General Atomics Joins the Nuclear Energy Institute in Support of a Department of Defense Micro-Reactor Program

General Atomics Joins the Nuclear Energy Institute in Support of a Department of Defense Micro-Reactor Program

GA micro-reactor
General Atomics' microreactor program builds upon 60 years of experience in delivering TRIGA® research reactors around the world.

GA’s micro-reactor will build on decades of work on small reactors and advanced materials

San Diego, CA – October 4, 2018: General Atomics (GA) expresses its support for the Nuclear Energy Institute (NEI) report, “Roadmap for the Deployment of Micro-Reactors for U.S. Department of Defense (DoD) Domestic Installations,” released earlier today. The report lays out a clear path toward deploying small (<10 MWe) nuclear reactors at DoD installations in potentially as little as five years.

Both Congress and the DoD have identified energy security as a key issue for the U.S. Armed Forces. As the military becomes more reliant on advanced computing and networking for its mission-critical tasks, and moves toward the deployment of advanced weapons with large power demands, it has become critically dependent on resilient sources of electricity.

Yet, almost all DoD installations currently depend on grid power, which can suffer outages at any time. Backup electricity is provided by diesel generators that lack sufficient reliability and are themselves dependent on limited local fuel storage. In part because of these concerns, Congress has directed DoD and the Department of Energy (DOE) to study the possible deployment of small nuclear reactors no later than 2027.

Micro-reactors have the potential to supply clean, resilient, always-on electricity to U.S. military bases, particularly installations in remote areas of the U.S. that are dependent on outside fuel deliveries. Ninety percent of U.S. military installations have electrical loads that could be served by an array of four 10-MWe nuclear plants. These smaller plants could also provide heating, desalination, and other services where necessary.

Very small nuclear reactors can be factory-manufactured and assembled much more rapidly than large commercial nuclear plants. Also unlike larger plants, they can be developed and deployed in much shorter periods of time. As the NEI report explains, the first such system could be deployed domestically by the DoD in as little as five to seven years with sufficient funding and support, especially from DOE and the Nuclear Regulatory Commission.

GA is developing a mobile nuclear power supply that is truck/air shippable and would fit in a standard military shipping container. This modular, autonomous system has a load-following generating capacity of up to 10 MWe and a refueling period greater than 10 years. The design builds on GA’s six decades of experience in nuclear energy: designing and building 65 TRIGA® research reactors, the most successful reactor in history; building the Peach Bottom and Fort St. Vrain gas-cooled reactors in Pennsylvania and Colorado; and developing the EM2 helium-cooled fast reactor design.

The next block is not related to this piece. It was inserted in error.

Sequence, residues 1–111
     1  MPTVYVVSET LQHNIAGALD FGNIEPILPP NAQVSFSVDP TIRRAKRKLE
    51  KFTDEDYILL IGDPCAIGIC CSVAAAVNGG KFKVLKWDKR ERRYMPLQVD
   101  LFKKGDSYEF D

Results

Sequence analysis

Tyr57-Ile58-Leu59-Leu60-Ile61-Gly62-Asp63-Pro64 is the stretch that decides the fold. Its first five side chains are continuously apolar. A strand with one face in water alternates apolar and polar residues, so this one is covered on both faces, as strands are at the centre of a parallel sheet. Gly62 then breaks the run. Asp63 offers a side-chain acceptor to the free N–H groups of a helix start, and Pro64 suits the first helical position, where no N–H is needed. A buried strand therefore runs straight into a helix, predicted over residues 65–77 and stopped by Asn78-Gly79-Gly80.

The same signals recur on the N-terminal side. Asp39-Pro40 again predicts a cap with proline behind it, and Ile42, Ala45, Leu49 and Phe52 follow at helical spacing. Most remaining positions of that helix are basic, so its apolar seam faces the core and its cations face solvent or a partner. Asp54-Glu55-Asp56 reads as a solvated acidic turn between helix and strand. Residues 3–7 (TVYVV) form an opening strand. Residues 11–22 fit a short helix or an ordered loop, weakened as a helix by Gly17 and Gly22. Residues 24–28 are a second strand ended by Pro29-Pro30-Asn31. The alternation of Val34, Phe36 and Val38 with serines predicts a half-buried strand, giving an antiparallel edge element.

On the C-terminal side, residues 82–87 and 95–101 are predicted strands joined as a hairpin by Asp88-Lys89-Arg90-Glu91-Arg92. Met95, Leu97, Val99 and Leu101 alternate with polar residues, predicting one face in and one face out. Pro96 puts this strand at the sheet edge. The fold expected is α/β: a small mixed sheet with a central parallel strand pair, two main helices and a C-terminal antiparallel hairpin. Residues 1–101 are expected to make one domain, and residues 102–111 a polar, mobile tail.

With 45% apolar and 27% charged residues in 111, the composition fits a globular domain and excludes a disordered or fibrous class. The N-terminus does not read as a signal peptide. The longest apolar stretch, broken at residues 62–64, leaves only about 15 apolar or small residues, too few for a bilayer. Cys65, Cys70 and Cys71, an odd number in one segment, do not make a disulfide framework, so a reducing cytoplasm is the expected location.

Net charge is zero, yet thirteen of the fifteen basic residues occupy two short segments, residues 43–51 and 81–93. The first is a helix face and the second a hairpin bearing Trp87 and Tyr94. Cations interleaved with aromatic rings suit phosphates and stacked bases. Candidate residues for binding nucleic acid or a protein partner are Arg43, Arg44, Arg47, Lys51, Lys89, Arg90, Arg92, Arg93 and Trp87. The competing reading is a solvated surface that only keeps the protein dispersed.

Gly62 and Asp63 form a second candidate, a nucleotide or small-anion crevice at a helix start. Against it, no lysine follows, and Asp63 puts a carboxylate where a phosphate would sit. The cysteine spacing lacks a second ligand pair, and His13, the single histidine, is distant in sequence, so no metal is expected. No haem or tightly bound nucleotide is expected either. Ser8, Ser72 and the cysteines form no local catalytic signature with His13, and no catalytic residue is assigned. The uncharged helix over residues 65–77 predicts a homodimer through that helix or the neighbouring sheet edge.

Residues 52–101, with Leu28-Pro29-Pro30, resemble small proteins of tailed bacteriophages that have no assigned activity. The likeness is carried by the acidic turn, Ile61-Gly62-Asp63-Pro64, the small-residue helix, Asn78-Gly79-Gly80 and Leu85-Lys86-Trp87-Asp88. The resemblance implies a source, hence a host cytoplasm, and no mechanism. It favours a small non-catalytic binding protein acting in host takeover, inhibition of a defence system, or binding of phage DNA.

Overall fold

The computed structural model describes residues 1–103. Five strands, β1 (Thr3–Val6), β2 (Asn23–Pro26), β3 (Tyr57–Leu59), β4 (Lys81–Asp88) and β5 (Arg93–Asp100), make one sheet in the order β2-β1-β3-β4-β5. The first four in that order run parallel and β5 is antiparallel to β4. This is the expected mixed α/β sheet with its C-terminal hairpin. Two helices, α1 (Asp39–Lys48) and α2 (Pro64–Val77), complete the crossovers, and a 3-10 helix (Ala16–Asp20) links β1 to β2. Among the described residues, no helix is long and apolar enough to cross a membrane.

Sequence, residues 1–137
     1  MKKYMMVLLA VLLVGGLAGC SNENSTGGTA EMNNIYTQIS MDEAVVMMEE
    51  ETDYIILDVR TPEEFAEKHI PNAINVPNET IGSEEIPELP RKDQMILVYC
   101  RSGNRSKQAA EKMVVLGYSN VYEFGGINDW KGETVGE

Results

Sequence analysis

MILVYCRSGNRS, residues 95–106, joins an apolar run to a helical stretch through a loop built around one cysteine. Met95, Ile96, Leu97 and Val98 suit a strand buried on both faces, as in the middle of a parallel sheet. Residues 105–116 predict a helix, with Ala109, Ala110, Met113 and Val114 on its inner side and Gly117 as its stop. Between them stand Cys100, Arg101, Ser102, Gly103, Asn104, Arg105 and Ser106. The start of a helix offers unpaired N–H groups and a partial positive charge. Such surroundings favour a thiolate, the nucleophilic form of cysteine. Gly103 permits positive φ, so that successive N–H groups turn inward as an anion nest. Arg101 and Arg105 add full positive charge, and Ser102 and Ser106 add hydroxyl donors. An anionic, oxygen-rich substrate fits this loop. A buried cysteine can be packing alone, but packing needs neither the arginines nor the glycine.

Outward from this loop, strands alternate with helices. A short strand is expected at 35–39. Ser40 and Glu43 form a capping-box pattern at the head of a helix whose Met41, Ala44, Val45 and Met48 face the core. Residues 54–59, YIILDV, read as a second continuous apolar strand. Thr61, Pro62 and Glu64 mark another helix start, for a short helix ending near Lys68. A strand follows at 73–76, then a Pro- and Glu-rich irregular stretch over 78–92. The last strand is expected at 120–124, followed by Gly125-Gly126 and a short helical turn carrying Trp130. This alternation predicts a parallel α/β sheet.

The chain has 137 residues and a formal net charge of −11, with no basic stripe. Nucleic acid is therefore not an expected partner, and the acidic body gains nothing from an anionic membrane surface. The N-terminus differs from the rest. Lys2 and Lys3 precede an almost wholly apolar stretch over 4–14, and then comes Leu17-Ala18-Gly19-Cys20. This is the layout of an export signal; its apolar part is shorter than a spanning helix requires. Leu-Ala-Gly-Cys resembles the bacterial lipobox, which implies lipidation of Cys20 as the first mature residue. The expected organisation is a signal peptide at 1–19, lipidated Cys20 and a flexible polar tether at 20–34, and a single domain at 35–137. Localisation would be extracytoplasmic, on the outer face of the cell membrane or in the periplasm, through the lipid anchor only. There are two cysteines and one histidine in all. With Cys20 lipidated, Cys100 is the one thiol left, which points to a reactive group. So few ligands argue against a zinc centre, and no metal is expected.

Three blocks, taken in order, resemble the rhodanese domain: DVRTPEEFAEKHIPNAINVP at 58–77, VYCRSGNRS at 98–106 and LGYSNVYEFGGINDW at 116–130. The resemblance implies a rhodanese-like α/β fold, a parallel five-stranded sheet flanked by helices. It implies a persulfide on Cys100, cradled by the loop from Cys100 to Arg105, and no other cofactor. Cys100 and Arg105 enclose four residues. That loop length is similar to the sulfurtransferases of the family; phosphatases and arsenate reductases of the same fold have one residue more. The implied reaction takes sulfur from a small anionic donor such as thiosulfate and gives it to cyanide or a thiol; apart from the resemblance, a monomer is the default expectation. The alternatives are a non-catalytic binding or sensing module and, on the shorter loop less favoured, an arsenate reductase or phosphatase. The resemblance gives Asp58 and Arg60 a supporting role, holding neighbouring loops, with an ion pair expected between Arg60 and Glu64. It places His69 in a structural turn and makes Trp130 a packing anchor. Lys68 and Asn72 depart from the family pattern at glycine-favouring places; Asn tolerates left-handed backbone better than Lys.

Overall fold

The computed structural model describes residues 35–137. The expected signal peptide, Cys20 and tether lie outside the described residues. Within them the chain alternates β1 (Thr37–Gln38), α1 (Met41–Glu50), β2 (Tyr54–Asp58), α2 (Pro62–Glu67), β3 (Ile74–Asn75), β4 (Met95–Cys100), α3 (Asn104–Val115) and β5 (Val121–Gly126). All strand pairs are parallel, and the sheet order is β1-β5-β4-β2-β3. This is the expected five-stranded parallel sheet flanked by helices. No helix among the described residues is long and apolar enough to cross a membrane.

The compact power supply also leverages GA’s development of high-temperature materials and fuels that enable high performance, a high degree of safety, and protection against potential threats. Its autonomous features derive from GA’s integrated defense systems (e.g., unmanned aircraft missions) and supply of military hardware for power production, communications and mission control. GA will support the micro-reactor program with its decades of experience in successfully partnering with DoD on large defense contracts.

The use of very small nuclear reactors for resilient power in remote locations is an increasingly popular option also being examined by other nations. Both Canada and the U.K. have advanced government programs underway with the goal of deploying small reactors within the next decade.

About General Atomics: General Atomics pioneers advanced technologies with world-changing potential. We have been at the cutting edge of energy innovation since the dawn of the atomic age – for more than 60 years. GA’s scientists and engineers are advancing the frontier of scientific discovery across a comprehensive array of key energy technologies, and helping meet growing global demands through safe, sustainable, economical solutions. 

For more information contact: 
Zabrina Johal